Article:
It does not necessarily mean that only people on the local machine can view that page. That page may be viewable via a variety of URLs, many being "legitimate" web based URLs. For example, my page can be view via http://la94022.com/~blyon/Javascript/paddle/ , but when I run a browser on on the server of la94022.com, I can also get at the page via http://localhost/....

      The point being that anyone can run a web server without doing the work of making it visible to the world. But accessing the web server's pages may only be viable by local access.
      (19 votes)
  • leaf yellow style avatar for user Doston ✔️
    Can I use my own computer as a server?
    (8 votes)
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  • male robot johnny style avatar for user Mohamed Ibrahim
    Someone correct me. You can host your site on your own computer but it has to be always turned on. I mean you can't shut down your computer, then.
    (6 votes)
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  • duskpin ultimate style avatar for user Kolluru, Sanjana
    How do you set up a website without spending money? I mean, how did the first website ever go online when buying domains and hosts wasn't a thing?
    (4 votes)
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    • old spice man green style avatar for user Jim E
      Domains and hosts existed before the web. There where already services like smtp (e-mail) and ftp. Also irc, newsgroups and gopher existed. The http protocol was just an addition to the existing services.
      Early on you could just reserve ip addresses and a domain name for a small expedition fee. Some early orgaisations could negotiate to handle the root servers for a country domain and so had rights to create all sub domains.
      Still you needed to buy servers for dns and hosting, and have some network connection to a backbone provider. Or be an operator. So it have never been free.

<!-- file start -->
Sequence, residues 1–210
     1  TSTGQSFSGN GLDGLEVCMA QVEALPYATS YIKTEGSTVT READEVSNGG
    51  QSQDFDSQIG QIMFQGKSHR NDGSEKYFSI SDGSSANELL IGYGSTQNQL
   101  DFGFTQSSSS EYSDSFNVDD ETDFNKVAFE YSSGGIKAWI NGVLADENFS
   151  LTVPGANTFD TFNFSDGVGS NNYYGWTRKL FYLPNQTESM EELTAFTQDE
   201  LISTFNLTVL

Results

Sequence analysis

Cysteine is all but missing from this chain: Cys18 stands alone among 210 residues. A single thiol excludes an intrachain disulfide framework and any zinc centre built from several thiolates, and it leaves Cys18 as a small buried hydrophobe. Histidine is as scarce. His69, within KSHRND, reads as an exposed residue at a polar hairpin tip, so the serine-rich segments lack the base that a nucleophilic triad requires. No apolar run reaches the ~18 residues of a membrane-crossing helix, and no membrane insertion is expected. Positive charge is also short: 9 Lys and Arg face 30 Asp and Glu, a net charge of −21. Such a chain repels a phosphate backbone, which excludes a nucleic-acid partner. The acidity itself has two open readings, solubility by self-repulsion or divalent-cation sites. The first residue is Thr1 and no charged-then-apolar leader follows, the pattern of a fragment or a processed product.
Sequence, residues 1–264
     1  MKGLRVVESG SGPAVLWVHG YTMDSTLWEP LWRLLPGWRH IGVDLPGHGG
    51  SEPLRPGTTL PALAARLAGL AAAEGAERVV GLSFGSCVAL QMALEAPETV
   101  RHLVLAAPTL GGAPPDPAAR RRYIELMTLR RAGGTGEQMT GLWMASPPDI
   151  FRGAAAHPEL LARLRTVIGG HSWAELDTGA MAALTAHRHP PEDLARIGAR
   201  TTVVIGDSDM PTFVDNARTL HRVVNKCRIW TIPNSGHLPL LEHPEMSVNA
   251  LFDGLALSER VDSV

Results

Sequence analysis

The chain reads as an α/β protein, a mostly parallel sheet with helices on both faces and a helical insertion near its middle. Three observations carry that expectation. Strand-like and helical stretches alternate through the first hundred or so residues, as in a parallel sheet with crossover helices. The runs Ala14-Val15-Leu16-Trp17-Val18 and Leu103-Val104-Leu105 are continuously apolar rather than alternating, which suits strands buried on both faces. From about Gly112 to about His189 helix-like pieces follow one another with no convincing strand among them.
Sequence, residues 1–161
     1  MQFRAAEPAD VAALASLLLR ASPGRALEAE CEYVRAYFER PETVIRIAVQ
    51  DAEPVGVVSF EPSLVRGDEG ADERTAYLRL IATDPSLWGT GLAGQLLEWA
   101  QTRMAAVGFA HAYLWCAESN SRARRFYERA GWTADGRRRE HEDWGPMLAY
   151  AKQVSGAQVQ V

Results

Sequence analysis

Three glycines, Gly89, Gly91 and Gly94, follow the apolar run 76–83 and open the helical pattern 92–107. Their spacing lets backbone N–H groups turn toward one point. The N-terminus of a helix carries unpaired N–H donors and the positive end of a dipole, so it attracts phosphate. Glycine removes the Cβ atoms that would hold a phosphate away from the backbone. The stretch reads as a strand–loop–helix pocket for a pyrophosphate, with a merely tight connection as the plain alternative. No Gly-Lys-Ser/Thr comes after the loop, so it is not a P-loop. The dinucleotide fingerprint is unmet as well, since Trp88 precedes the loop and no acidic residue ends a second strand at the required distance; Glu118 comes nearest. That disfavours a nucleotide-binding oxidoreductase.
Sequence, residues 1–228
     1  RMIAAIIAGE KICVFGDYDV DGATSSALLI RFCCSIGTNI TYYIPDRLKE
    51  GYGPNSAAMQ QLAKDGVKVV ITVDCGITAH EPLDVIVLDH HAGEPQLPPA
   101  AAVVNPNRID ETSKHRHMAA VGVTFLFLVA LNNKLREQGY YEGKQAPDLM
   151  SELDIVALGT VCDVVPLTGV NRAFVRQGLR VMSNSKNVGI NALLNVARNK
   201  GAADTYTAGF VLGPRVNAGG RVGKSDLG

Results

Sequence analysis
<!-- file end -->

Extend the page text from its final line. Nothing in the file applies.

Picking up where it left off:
I think it have never been as cheap as now when you can just buy a web hosting service with everything included.
      (8 votes)
  • old spice man green style avatar for user hammadalimiandp3
    if i put my webpage on github, can i remove that later from github ?
    (6 votes)
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    • leaf red style avatar for user lukasexists
      Yeah, I'm pretty sure you can just delete the repository.

      Or, if you don't want to delete the whole repo:
      1. Go to the repository's Settings tab
      2. Go to the Pages menu (under Code and automation.)
      3. You can click the ... button next to the "Visit site" button and click Unpublish site.
      (1 vote)
  • leaf green style avatar for user mdar
    Can I make my own domain, or buy it off a registrar for myself to manage?
    (3 votes)
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  • winston default style avatar for user John
    Where are the dn servers located?
    (3 votes)
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  • blobby green style avatar for user kharwadeyshrujan
    dear mam and sir,
    when i will be able to make games based on the codes i have learned..can we also make games by html and css as our tool....and please mam and sir....please tell me what is github actually as i just searched for it and got quite confused what to do next?
    (3 votes)
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    • duskpin ultimate style avatar for user programmer
      For making browser games, you will have to use javascript. Depends what type of game you are making, if you are making a 3D game, you would need to use WEBGL. Now learning WEBGL wouldn't be a fast method so you might wanna use a library like THREE.JS to make your coding easier.
      For let's say 2D games you can take Khan Academy's JavaScript course, where you will be taught with the processing.js library
      Also, you don't necessarily need to use libraries, they are there just to make it easier for you. You can very well code in raw javascript if you feel that's a better idea and more comfortable for you.
      (3 votes)
  • blobby green style avatar for user Dave
    Is there a website that provides domains for free? For example, could I get mywebsitecoding.com without paying money?
    (2 votes)